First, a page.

Publisher William Randolph Hearst exhibited more patience for politics. Hoping to win the Democratic Party's 1904 nomination for president, he needed a political springboard and set his hopes on the 1902 New York gubernatorial race. The Democratic Party told him no, but as David Nasaw writes in The Chief: The Life of William Randolph Hearst, the party bosses expressed their "gratitude for Hearst's financial and editorial support" by awarding him the nomination for a safe congressional seat.
Like Bloomberg, Hearst didn't hesitate to spend money freely on the rallies, bunting, bands, and fireworks of a big-time campaign. "The Yellow Fellow has knocked the hoops off his money barrels and is spending it like water," reported the Oct. 29, 1902, New-Yorker newspaper. Elected to Congress, Hearst immediately used his office and his newspapers to plow a path toward the 1904 presidential nomination. But he lost. Like Bloomberg 100 years later, Hearst declared independence from the party system to run for mayor of New York in 1905. He lost that race and three more—New York governor in 1906, New York mayor again in 1909, and New York lieutenant governor in 1910—before quitting politics.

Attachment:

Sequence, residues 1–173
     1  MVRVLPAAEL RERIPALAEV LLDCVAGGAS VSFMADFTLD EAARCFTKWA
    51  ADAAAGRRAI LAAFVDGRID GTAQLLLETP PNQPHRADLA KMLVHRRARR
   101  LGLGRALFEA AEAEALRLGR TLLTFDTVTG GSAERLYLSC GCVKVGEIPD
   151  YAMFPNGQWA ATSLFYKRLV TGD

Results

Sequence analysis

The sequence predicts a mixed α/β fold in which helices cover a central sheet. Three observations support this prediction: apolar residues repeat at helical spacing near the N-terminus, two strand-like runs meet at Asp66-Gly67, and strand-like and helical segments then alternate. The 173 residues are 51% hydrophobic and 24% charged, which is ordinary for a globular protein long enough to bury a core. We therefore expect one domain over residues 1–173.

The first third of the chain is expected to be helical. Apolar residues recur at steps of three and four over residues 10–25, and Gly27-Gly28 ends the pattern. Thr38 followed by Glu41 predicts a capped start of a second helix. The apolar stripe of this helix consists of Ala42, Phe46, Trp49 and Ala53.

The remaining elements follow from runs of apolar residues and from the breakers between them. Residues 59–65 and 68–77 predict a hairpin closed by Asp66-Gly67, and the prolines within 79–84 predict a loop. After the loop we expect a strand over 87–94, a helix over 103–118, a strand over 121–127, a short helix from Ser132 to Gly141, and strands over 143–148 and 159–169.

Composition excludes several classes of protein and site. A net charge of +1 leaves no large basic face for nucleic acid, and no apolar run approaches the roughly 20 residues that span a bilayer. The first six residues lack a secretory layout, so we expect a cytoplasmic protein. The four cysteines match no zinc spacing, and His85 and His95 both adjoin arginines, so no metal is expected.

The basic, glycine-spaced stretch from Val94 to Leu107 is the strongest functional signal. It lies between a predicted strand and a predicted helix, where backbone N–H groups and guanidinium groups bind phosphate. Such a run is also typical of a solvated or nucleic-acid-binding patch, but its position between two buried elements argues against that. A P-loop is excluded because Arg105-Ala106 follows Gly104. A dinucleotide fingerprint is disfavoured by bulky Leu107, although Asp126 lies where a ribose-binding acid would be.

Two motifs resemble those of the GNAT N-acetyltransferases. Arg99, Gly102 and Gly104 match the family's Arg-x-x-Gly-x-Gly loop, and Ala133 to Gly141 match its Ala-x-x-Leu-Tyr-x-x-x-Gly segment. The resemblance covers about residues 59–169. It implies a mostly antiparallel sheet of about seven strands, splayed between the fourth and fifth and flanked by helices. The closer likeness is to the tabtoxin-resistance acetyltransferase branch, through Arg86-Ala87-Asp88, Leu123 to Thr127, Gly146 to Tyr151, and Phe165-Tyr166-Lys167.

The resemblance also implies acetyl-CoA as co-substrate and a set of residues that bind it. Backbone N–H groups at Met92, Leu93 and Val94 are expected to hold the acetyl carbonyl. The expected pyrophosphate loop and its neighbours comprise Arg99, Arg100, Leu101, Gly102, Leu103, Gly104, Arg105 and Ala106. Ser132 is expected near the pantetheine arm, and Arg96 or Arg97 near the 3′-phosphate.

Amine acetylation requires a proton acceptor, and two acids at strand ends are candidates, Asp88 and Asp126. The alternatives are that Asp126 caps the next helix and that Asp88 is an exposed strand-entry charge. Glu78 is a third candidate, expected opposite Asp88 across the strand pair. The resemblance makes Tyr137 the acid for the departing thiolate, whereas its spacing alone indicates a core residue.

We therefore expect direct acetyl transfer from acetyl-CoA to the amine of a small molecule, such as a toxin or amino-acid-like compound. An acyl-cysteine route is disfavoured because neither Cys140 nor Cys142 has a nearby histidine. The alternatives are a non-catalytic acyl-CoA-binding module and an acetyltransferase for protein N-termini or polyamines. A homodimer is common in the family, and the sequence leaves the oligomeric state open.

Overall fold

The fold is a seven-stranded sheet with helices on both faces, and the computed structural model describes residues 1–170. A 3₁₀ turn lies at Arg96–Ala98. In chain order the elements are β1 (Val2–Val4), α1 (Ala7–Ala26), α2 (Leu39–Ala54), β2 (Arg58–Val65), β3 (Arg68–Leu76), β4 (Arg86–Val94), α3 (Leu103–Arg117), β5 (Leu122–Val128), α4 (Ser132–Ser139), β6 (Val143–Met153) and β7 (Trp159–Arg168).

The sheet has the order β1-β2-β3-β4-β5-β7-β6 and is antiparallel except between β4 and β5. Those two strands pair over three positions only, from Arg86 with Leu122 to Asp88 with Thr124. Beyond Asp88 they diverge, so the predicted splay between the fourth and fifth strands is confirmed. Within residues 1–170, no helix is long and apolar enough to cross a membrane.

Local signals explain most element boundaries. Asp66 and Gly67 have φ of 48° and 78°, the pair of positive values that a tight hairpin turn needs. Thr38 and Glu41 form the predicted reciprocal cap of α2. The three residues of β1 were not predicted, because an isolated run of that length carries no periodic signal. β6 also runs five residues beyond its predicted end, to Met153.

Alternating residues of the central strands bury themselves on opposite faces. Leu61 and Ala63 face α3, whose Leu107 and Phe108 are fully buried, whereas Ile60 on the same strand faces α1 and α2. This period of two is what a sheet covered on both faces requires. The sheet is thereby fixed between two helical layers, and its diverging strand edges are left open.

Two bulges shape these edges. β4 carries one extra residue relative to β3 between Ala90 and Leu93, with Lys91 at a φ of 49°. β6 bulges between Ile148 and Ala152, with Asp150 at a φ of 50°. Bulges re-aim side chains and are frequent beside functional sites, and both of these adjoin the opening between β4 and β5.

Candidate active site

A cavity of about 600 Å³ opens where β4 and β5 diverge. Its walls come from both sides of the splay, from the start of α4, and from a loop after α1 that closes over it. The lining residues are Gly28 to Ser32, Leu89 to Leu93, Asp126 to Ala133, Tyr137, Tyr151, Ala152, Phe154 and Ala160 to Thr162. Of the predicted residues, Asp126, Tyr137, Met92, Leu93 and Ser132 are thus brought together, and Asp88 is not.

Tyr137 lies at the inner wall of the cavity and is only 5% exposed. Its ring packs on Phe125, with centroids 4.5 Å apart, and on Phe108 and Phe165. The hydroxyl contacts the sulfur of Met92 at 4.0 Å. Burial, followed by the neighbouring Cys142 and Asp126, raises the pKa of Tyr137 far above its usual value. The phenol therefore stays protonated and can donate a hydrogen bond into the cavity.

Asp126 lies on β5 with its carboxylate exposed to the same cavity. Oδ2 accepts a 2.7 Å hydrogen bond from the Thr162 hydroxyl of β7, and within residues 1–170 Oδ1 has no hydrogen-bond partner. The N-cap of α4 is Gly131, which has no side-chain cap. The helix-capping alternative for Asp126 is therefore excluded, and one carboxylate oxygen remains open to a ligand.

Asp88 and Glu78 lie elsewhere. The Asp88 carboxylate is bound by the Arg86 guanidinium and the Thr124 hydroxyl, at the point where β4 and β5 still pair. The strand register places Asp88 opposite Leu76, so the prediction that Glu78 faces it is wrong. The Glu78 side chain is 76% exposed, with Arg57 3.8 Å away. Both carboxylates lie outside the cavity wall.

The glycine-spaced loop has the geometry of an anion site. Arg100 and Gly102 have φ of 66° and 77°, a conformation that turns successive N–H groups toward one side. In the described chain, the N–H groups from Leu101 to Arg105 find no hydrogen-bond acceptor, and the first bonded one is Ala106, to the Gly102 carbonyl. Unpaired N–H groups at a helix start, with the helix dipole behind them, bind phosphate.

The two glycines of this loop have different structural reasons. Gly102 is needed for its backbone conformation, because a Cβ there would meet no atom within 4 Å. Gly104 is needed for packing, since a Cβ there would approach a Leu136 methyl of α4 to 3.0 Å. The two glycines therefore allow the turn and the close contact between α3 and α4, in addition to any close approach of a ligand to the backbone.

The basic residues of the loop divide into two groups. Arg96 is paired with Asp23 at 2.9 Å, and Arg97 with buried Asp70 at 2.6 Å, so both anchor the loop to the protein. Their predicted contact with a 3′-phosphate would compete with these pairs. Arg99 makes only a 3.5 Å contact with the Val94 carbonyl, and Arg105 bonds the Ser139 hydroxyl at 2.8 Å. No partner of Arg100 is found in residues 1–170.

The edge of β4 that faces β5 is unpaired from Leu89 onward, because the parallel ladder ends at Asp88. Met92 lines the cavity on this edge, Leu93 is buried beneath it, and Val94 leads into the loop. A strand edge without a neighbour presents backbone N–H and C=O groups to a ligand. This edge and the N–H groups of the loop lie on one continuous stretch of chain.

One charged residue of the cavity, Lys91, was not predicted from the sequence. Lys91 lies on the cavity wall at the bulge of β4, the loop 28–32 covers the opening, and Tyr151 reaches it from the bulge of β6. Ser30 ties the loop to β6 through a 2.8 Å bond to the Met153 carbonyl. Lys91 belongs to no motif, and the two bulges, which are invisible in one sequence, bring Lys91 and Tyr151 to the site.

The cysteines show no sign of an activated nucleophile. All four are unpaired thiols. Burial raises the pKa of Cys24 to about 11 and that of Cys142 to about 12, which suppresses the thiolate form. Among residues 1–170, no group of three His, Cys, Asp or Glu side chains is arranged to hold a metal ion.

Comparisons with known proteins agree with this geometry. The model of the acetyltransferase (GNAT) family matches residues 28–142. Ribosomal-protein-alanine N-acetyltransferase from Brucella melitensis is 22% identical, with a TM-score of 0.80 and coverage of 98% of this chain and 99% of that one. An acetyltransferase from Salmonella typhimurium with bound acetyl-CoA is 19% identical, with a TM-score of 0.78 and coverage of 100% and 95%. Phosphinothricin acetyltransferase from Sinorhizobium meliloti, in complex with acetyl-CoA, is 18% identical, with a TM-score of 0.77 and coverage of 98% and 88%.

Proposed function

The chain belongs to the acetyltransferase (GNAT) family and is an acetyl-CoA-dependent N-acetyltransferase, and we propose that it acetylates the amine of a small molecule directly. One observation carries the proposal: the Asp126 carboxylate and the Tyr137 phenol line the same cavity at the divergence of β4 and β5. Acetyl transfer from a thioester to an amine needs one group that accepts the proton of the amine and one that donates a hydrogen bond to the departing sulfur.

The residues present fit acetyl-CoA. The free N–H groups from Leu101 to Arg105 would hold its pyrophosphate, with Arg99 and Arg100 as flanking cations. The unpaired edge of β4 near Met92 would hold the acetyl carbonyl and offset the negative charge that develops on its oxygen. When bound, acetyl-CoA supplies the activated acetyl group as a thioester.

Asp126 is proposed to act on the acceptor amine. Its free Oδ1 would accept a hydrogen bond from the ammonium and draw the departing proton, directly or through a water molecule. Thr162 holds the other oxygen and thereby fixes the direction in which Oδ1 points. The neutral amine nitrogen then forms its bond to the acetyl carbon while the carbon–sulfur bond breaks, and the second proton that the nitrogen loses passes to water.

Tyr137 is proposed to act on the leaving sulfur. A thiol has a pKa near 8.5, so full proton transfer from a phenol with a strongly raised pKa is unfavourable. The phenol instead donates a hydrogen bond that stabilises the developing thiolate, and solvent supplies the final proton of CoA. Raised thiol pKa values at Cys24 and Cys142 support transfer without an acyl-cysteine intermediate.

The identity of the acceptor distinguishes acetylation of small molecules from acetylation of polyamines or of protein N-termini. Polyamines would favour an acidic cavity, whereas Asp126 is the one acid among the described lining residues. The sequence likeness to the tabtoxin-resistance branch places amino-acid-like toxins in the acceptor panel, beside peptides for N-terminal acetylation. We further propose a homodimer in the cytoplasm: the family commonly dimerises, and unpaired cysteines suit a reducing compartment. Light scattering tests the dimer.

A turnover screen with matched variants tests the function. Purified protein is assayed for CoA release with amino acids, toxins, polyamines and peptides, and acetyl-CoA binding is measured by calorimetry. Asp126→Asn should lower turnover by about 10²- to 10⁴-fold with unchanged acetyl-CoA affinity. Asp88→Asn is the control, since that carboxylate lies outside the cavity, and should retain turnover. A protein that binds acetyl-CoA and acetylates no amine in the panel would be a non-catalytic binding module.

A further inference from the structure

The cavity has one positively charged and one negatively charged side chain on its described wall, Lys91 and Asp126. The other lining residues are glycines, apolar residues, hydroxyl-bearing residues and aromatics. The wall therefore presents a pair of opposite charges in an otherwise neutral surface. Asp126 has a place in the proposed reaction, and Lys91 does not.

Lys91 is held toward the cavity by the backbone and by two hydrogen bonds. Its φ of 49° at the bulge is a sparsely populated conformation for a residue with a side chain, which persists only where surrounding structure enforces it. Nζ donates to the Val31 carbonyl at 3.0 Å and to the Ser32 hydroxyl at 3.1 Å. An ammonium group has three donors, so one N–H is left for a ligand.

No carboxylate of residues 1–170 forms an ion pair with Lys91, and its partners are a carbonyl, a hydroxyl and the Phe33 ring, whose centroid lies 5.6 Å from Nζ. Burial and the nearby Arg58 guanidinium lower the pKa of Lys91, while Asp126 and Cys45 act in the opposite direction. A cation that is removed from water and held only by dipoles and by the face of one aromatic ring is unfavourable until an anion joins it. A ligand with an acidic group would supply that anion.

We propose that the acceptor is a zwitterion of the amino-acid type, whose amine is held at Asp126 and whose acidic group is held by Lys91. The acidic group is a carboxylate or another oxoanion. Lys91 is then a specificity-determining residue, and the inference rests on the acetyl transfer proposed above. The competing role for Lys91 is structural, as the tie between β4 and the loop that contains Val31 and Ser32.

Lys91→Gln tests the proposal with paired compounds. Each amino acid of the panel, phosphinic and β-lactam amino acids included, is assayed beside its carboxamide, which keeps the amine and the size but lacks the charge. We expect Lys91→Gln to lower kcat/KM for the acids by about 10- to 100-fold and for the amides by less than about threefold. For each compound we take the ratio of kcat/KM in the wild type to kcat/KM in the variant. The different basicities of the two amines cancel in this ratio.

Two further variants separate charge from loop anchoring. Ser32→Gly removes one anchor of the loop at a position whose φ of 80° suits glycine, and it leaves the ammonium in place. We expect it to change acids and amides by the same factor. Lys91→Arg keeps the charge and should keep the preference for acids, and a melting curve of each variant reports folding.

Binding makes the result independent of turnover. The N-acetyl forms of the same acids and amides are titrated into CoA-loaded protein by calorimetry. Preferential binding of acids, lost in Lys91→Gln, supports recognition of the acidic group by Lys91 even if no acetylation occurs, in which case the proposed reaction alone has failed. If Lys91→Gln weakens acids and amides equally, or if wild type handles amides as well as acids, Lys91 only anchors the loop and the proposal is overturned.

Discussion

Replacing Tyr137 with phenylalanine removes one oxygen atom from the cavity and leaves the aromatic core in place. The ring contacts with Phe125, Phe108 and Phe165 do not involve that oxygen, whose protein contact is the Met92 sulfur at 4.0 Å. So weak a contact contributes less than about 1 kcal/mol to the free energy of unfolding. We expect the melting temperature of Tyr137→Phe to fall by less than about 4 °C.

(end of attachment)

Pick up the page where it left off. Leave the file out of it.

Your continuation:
Whether or not Bloomberg the man decides to come to Washington to institute government by Bloomberg, he's placed a claim on the District with an offshoot of his news operation that hopes to do the sort of data-crunching for government that his Bloomberg terminal does for financial data. Named Bloomberg Government—don't you think that has a slightly fascistic sound to it?—it will employ a staff of 150 journalists and analysts by the end of 2011 and will charge $5,700 per user.
Washington has long been a magnet for wealthy people who thought they'd make enlightened officeholders. H. Ross Perot ran his campaigns for president, Donald Trump mouths off from time to time about running, and David Koch blew a bundle running as the Libertarian Party's vice presidential candidate in 1980. For millionaires who haven't known what to do with all of their free time, the Senate has operated as a faux social club for people like Jon Corzine, Jay Rockefeller, Elizabeth Dole, Edward Kennedy, Howard Metzenbaum, Frank Lautenberg, Dianne Feinstein, and Herbert Kohl. * Bloomberg has sensibly avoided joining this band of losers. He's an imperial club of one, and he likes it like that.